Today the Administration is calling for significant new investments in the federal Pell Grant program—the cornerstone of college affordability. The two new Pell proposals will help students to accelerate progress towards their degrees by attending school year-round and encourage students to take more credits per term, increasing their likelihood of on-time completion. In fiscal year 2017, these changes would mean an additional $2 billion in Pell Grants for students working toward their degrees.
The Obama administration faces an uphill battle in getting these proposals through Congress. But it is these types of innovative policy changes that could make a difference in postsecondary access and success for low-income students. As we move through this election cycle, pay attention to how presidential, gubernatorial, and congressional candidates talk about postsecondary costs and accessibility. It could make a difference for millions of Americans.
The beginning of the year always makes me revisit my annual budget, evaluate my savings plan, and start to think about taxes. As I think about the additional amount of money I still need to save for my family to be comfortable in the future, I am reminded that there are many people I encounter on a daily basis that are not as fortunate. When it comes to having enough income to cover my basic expenses, I’m lucky. I can pay my bills and still save for my family’s future—assuming we don’t have any unexpected medical expenses that deplete our savings. My job pays me a family-sustaining wage, but what about the people I depend on to take care of my family and me on a daily basis?
Last year, Fortune reported that more than 42 percent of U.S. workers hold jobs that pay a low wage. The article assumes any job with wages below $15 an hour is a low-wage job. The $15 an hour rate is based on national studies which have calculated an equilibrium where wages are high enough to lift families out of poverty, but still low enough to not result in massive job losses. In North Carolina, the percent of jobs paying a low wage is 48.7 percent.
We often associate jobs that pay low wages in our economy with low skilled or unskilled labor. Many of us think of fast food jobs and teenagers. However, many of the jobs that pay a less than what is needed to maintain a normal standard of living are the very jobs our society depends on to take care of our family members and teach our children. As the Fortune article points out, low-wage jobs are held disproportionately by women, people of color, and persons 20 years of age or older.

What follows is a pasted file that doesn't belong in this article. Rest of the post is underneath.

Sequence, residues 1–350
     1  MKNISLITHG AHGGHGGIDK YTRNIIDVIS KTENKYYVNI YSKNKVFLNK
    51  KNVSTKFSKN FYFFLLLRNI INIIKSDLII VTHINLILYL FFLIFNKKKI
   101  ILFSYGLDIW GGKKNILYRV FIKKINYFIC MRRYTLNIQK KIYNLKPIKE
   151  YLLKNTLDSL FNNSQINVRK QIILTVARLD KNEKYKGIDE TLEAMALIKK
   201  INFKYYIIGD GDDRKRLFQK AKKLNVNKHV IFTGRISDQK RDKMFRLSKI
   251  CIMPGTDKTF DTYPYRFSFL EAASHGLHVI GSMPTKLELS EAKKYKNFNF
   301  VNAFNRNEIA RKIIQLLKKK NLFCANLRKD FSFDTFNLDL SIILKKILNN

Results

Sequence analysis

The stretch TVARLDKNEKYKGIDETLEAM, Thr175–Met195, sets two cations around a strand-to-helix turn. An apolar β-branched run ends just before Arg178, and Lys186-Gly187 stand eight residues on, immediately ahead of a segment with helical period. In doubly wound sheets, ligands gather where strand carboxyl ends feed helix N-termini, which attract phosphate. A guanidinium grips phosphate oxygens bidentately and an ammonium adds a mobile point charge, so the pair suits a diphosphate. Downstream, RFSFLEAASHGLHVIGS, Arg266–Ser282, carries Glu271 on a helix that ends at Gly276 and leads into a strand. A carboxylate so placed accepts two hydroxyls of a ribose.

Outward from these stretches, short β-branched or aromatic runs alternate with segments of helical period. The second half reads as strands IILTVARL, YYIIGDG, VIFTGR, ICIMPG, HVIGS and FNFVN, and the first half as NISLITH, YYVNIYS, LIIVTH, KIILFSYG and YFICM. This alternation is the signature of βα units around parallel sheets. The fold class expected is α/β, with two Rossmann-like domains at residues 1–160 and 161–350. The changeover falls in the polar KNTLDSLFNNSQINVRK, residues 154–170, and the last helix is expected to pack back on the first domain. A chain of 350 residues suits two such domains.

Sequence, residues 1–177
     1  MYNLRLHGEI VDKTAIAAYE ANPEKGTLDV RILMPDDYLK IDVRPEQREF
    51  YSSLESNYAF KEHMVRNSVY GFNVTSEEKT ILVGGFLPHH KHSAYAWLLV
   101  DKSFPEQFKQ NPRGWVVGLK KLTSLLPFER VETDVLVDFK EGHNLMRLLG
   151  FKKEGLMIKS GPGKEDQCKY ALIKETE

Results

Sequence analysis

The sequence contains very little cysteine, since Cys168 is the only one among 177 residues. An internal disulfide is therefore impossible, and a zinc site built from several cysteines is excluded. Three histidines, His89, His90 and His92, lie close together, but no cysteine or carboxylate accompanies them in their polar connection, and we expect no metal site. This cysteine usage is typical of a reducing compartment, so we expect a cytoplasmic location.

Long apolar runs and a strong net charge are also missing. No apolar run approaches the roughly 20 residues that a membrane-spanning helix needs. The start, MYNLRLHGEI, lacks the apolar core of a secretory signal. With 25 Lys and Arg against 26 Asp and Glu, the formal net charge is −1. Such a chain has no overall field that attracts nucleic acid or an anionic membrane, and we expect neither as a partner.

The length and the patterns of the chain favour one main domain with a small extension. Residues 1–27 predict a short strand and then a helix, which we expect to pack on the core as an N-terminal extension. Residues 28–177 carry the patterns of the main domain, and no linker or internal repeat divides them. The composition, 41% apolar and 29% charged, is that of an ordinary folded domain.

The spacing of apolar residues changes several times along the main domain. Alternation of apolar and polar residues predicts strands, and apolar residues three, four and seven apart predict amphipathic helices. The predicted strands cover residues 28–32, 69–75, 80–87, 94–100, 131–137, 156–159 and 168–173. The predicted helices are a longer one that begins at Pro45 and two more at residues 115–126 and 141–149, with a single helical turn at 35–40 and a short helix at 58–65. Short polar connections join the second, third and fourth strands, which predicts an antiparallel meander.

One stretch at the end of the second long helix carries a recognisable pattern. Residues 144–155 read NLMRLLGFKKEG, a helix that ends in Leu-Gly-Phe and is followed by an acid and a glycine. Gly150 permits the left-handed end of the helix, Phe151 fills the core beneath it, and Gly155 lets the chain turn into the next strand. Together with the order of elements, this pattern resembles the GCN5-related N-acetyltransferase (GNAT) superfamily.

Is $15 an hour enough?
Another definition of low-wage job is one that pays less than a living wage, which is defined as the amount of money a person must earn to cover their family’s basic living expenses. In 2014, MIT and the Living Wage Project calculated the living wage for North Carolina to be $10.53 for one person, living alone. The addition of children obviously increases a family’s expenses. Hence, one adult with a one child will need to make $44,990 a year ($21.63 an hour) to break even every month. This amount does not include emergency savings or funds to splurge on birthday and holiday gifts. Overall, 72 percent of our state’s workforce makes less than $44,990 a year. Here are the living wage calculations for other family configurations:
Many of the jobs that pay less than a living wage typically require postsecondary credentials and are occupations that are growing in our economy:
Half of the preschool teaching jobs in the state earn less than $11.35 an hour. At this wage rate, someone working as a preschool teacher, with a child at home, would not be able be able to cover his basic living expenses. He would not be able to save for his family’s future, and he is probably asking himself a different set of questions at the beginning of the year. All of the jobs listed in the table above require some kind of investment in postsecondary training; the very investment that is touted for getting ahead and securing employment that leads to economic security. But the investment can’t just be on the worker’s side of the equation. We have to invest in making those jobs that require skill and training—and there aren’t many jobs that don’t—quality jobs that provide wages commensurate with the training and value they bring to individuals and communities. Our society is dependent on a host of skilled labor to take care of our families, so we need policies and wage rates that help them take care of theirs.